Are Women Really Focalized?

by Katalin Bálint

March 15, 2011


The aim of this paper is to find a way how a psychoanalytic-feminist abstraction and cinematographic-visual facts can interact each other. The goal is to examine the correspondence between the concept of male gaze and focalization, and to find the link between the structuralist term used by narrative theory of film and literature, and the highly theoretic idea of male gaze.
According to the hypothesis, if a conceptual correspondence can be found between the two ideas, then it is possible to transform the concept of male gaze into a focalization pattern – as a constant combination of a male focalizer and a female focalized object – within a film.
At the level of composition, cinematic techniques of internal focalization (focusing on the point-of-view shots) were analyzed in two films by Hitchcock (Vertigo, Marnie).
Results show the temporal structure of the characters’ focalization. Mulvey’s claims are verified partially. The focaliser-focalised combinations reveal complex relations of the narratives.


Are Women Really Focalised?

Overlap Between the Conceptsof Male Gaze and Focalization in Film Theory



Judith Mayne (18-20) makes a provisional but useful division between „apparatus” and „textual” tendencies in the psychoanalytic film theory of the 1970’s. Following Louis Althusser’s argument on ideological state apparatuses, works of film theorists (e.g. Christian Metz, Jean-Louis Baudry and Laura Mulvey) had a pronounced emphasis on the question of how cinema functions as a cinematic apparatus, and were centered around the investigation of cinematic situation. In the same period, film theorists as for example Thierry Kuntzel, Raymond Bellour, Stephen Heath applying Roland Barthes’s method of textual analysis were concerned with micro-analysis of narrative fiction films, in order to find how cinematic devices position the spectator’s desire. The two tendencies certainly informed each other a lot, but the integration in terminology and in methodology has remained unfulfilled (Mayne 20).

Reconsideration of psychoanalytic concepts appeared by the development of cognitive and narrative approaches in film studies. Cognitive theorists strongly criticized the psychoanalytic abstraction of the passive and homogenous spectator implied in apparatus theory, and has provided a concept on film-viewing that is based on the results of cognitive research (Bordwell 12-18). The narrative approach seems to disregard the psychoanalytic interpretation, and to keep the method of textual analysis, providing a useful terminology of narrative devices derived from the narrative theory of literature.


Aim of the research

The aim of this paper is to find a way how a psychoanalytic and feminist abstraction and cinematographic-visual facts can interact with each other. The goal is to examine the correspondence between the concept of male gaze and focalization, and to find the textual connection between the structuralist term used by narrative theory of film and literature, and the highly theoretic idea of male gaze.

Aesthetic features are widely regarded as unquantifiable. My goal is to demonstrate that quantifying elements of the compositional pattern in a film can be a useful method of analysis. 



The hypothesis of the investigation has two levels. On the first one, the question is whether a conceptual correspondence can be found between the two ideas. This requires a theoretical investigation. If it turns out to be reasonable, then on the second level it may be possible to transform the concept of male gaze into a focalization pattern within a film. This requires a textual analysis. This transformation can be a fruitful integration of different theoretical perspectives, that may provide an inspiring basis for further research.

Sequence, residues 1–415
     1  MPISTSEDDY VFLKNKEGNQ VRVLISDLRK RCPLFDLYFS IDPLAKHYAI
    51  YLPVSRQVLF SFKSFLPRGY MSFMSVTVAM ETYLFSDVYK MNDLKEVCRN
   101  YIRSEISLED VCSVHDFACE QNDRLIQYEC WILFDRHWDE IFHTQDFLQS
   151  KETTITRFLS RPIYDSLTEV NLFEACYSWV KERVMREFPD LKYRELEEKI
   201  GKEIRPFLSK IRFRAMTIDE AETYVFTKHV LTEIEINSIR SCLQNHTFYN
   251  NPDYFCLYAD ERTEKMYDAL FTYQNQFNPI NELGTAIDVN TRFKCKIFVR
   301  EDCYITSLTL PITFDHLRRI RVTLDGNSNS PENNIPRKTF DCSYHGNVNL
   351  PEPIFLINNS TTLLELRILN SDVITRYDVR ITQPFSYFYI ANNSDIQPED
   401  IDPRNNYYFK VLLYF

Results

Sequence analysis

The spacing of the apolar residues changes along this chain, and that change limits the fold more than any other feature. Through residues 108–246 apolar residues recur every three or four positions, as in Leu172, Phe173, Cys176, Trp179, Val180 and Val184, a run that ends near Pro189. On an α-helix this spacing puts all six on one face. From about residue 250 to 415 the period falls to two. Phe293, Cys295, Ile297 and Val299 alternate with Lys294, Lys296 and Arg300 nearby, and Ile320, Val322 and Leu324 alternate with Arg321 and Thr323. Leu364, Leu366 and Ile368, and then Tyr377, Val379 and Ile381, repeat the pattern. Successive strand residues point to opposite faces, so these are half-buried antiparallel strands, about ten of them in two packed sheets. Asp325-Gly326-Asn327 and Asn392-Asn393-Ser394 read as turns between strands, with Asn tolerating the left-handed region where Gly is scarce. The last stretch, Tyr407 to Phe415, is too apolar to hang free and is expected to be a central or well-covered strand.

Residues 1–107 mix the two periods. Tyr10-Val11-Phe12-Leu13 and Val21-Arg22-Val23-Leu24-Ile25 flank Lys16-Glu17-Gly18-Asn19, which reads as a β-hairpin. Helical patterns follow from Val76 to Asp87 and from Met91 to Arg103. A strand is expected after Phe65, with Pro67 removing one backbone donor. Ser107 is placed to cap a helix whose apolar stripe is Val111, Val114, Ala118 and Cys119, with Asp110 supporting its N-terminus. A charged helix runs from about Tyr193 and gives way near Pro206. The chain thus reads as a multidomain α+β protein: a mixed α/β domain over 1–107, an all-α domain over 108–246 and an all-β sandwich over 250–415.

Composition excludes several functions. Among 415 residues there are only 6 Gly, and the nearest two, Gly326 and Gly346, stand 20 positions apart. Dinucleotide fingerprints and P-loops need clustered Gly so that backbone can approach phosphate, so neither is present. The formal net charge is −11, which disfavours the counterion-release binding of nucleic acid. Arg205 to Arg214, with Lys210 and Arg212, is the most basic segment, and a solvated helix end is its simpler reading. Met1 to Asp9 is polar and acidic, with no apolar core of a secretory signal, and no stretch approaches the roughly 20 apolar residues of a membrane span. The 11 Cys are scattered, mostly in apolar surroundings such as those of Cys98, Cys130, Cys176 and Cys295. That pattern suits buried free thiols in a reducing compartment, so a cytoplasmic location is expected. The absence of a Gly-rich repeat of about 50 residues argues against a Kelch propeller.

The Concept of Male Gaze


Description of male gaze assumes that the visual structures of mainstream films repeating the patriarchal logic of power and domination, where point of view is controlled by the male character and the female character appears as the object of his gaze (Mulvey 19-20). The term of male gaze rooted in the so-called Screen Theory, that involves paradigms like feminism, Brechtianism, structuralism, Lacanian and Freudian psychoanalysis (Mayne 22, 32, Aaron 24-34, Chaudhuri 31-44). In the seventies, Screen Theory was dealing with the relationship between the spectator and the film text, and the theoretical formation of the subject through the act of spectating. One of the central points of Screen Theory is the Lacanian concept of Gaze (Lacan 67-78), which is, on the one hand, effected by the Sartreian transcendental Ego, and is in connection with the mirror stage, the conception of the imaginary and the formation of the ego (Copjec 30-38). Lacan’s concept at the same time contains Merleau-Ponty’s idea of pre-existing gaze that stares at us from the outside (Lacan 72). Lacan is concerned with the pre-existence of gazes, that are pre-existing the subjective view, and to which we are subjected.

The term male gaze was conceptualized in Mulvey’s essay on “Visual pleasure and narrative cinema” in 1975, on the pages of Screen. Beside the Lacanian concept, Mulvey applies other currently used psychoanalytic ideas as well. According to Mulvey, there are three levels on which the gaze is operating in the cinema. The voyeuristic gaze of the camera as it is filming, the look of the protagonists, that is usually the look of the male protagonist as it positions women characters within the narrative itself, and finally the gaze of the spectator, as it is facilitated by the previous two positions (Mulvey 25). My research refers mainly to the second level.


The Concept of Focalization

The term of focalization was introduced around 1972 by structuralist literary theorist, Gerard Genette, whose aim was to distinguish the narrator’s activity from the activity of the character (Genette 72-79). Genette’s work had a very pronounced impact on narrative theory of film, it sharpened and recasted the broad concept of point of view and perspective. Point of view is one of the most important means of structuring narrative discourse according to Robert Stam, and he claims that it is one of the most powerful mechanisms for audience manipulation (Stam 83-95). Focalization is subdivided into different types by Genette. Vision is externally focalized when the perception is not bondable to a character, and the shot is focalized internally when the camera takes the place of a character’s eye or optical point-of-view (Genette 72).